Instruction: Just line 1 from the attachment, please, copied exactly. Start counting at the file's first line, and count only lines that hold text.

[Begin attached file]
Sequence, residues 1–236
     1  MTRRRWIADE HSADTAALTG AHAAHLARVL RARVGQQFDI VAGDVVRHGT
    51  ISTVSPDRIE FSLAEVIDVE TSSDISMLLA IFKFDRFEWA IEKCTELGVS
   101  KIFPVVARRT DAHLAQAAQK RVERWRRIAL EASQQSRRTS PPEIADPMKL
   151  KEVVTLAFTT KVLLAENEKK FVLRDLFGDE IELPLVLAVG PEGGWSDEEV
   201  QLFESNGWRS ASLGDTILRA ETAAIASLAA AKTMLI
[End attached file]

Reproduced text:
Sequence, residues 1–236